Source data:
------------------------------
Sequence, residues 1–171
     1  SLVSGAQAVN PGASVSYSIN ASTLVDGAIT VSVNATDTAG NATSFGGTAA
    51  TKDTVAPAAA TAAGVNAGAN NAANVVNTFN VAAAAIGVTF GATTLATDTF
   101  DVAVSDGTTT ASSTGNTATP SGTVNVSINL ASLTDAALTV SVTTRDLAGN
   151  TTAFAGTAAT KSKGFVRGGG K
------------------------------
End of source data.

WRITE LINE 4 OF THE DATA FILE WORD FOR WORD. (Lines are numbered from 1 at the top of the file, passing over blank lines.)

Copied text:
   101  DVAVSDGTTT ASSTGNTATP SGTVNVSINL ASLTDAALTV SVTTRDLAGN